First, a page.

Spur Gear Tooth Geometry and the Involute Curve
Sunday, January 19th, 2014
Last time we learned how spur gears mesh together to form a gear train and we examined a train consisting of just two gears, one being the driving gear, the other the driven gear. Today we’ll take a look at the geometry behind the smooth functioning of modern spur gear teeth when we identify their peculiar shape to be that of an involute curve. The curved profile of spur gear teeth conforms to a type of mathematical curve found in geometry known as an involute. The involute profile of a spur gear tooth is shown in red below. The mathematical notion of the involute was first presented in 1673 by Dutch mathematician Christiaan Huygens, in his book, Horologium Oscillatorium. Huygens’ book presents his studies on clock pendulums and the applied mathematics he used in an effort to predict their often erratic motion on ships at sea. His book ultimately dealt with far more than this, resulting in a treatise on the mathematical properties of the involutes of curves. To see how an involute curve is formed, we’ll conduct a simple experiment. One end of string is attached with a tack to a circular object, like the yellow rod shown in the following illustration. The other end of string has a red ball attached to it.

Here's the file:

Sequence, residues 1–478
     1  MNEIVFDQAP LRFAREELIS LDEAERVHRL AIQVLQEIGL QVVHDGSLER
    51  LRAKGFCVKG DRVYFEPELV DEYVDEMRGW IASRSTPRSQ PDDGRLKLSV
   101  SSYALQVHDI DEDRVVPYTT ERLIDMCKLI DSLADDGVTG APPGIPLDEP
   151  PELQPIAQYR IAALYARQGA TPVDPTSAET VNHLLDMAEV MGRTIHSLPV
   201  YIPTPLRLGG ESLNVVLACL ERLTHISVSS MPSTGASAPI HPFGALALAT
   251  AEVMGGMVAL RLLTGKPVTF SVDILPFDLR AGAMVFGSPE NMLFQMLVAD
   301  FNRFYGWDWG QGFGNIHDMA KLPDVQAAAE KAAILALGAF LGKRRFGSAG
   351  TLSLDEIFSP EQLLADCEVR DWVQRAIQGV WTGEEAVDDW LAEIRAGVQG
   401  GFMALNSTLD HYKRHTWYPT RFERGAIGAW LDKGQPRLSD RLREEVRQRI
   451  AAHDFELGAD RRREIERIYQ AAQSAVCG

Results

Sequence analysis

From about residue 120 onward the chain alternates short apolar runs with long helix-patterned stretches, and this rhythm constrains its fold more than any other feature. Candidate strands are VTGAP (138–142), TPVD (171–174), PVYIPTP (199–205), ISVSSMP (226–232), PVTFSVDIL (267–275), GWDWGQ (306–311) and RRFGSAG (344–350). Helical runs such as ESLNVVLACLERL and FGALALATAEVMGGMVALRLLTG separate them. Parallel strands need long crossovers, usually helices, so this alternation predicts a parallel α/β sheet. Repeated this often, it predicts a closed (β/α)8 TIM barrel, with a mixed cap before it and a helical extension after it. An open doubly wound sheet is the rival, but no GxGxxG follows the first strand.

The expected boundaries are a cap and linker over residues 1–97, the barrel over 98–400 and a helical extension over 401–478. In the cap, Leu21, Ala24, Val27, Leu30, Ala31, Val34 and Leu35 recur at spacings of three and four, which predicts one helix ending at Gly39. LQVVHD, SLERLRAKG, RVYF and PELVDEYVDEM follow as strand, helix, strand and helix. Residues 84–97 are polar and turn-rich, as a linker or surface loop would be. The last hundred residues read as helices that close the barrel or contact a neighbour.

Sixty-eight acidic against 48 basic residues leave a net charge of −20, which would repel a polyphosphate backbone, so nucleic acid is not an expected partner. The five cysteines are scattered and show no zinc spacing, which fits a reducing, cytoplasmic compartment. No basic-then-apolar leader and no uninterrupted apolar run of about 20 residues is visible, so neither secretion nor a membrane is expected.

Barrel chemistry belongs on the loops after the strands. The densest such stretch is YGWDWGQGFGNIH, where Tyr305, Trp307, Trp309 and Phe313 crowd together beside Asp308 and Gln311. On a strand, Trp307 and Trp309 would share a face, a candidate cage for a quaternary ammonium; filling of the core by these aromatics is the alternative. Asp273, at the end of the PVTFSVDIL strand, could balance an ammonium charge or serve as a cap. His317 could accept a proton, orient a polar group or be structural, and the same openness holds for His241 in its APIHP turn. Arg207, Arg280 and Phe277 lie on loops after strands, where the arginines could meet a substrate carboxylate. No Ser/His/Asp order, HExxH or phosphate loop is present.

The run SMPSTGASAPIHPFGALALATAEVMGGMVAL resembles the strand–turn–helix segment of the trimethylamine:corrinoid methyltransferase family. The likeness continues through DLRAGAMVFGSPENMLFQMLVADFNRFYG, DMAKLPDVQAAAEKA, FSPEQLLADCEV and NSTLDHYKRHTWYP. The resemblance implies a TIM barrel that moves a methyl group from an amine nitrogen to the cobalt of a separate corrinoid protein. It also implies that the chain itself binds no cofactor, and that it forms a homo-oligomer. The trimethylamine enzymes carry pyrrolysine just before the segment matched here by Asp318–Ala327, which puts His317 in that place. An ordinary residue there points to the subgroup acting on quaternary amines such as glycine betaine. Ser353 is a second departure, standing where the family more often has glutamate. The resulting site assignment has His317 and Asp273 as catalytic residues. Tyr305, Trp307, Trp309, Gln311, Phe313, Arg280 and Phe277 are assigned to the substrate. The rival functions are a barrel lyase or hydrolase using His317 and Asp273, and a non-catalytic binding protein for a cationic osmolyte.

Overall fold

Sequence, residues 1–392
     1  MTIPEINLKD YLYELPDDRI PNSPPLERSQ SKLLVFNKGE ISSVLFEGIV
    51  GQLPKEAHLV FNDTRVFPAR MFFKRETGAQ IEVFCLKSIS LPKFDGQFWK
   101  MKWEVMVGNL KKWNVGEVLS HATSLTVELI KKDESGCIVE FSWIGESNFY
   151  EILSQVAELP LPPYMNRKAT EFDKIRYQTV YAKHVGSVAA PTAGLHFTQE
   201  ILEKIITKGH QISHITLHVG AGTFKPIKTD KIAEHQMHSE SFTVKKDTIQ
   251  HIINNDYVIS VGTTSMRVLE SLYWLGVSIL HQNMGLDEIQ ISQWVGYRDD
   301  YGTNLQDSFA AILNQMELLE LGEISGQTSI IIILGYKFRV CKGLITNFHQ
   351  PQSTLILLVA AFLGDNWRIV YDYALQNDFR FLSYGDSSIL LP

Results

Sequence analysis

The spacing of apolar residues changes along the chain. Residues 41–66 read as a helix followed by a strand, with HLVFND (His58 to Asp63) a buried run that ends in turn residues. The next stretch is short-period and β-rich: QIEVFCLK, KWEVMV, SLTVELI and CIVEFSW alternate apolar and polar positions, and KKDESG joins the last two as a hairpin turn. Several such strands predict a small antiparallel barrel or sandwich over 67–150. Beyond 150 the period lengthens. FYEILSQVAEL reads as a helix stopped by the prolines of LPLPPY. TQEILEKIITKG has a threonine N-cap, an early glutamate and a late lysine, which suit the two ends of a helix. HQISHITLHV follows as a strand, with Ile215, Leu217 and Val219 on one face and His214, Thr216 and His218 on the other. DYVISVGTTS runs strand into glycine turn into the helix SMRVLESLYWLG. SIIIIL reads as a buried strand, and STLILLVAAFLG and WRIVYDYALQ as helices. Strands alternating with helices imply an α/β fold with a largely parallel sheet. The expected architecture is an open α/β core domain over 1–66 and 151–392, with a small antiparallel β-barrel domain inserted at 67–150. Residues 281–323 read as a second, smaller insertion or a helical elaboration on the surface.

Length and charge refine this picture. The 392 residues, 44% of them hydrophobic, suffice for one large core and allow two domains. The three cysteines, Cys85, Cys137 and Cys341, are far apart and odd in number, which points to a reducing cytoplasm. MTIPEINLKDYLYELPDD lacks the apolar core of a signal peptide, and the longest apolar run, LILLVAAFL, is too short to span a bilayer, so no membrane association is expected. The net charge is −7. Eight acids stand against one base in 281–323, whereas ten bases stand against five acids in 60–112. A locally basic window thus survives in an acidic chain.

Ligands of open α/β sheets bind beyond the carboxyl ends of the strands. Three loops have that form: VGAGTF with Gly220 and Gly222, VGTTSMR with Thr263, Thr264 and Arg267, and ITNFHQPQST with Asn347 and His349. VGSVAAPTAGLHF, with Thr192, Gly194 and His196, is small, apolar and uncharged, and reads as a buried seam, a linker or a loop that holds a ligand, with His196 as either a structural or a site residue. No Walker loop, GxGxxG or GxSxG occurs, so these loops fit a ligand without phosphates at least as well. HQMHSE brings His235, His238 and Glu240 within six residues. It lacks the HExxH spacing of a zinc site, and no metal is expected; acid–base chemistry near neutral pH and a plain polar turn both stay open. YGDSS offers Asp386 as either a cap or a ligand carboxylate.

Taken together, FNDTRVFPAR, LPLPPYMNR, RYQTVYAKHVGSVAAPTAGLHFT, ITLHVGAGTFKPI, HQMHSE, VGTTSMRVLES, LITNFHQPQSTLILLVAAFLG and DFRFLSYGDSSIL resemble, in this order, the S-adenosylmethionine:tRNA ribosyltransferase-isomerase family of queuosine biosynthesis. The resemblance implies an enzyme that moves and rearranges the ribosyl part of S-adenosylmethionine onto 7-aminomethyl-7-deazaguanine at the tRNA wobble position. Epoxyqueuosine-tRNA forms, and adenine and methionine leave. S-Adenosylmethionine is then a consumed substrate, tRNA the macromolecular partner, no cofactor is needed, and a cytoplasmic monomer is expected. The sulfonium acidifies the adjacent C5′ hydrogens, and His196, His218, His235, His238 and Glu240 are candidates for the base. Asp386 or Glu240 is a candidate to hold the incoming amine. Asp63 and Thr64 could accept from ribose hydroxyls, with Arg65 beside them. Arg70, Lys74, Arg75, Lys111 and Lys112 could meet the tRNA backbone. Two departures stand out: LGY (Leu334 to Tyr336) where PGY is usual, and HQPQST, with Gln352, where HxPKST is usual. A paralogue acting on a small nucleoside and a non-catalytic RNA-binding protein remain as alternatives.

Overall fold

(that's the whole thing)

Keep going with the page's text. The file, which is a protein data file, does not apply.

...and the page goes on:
If we grab the ball and pull the string taught while wrapping the string around the rod, the ball’s path will form an involute curve due to the incremental shortening of the string that occurs as it wraps around the rod. Next time we’ll see how the involute profile of gear teeth contributes to efficient mechanical energy transmission in gear trains. _______________________________________ 
Gear Trains
Monday, January 13th, 2014
Last time we covered the basic terminology of spur gears. Today we’ll see how they interact with one another to form a gear train, such as the one depicted below.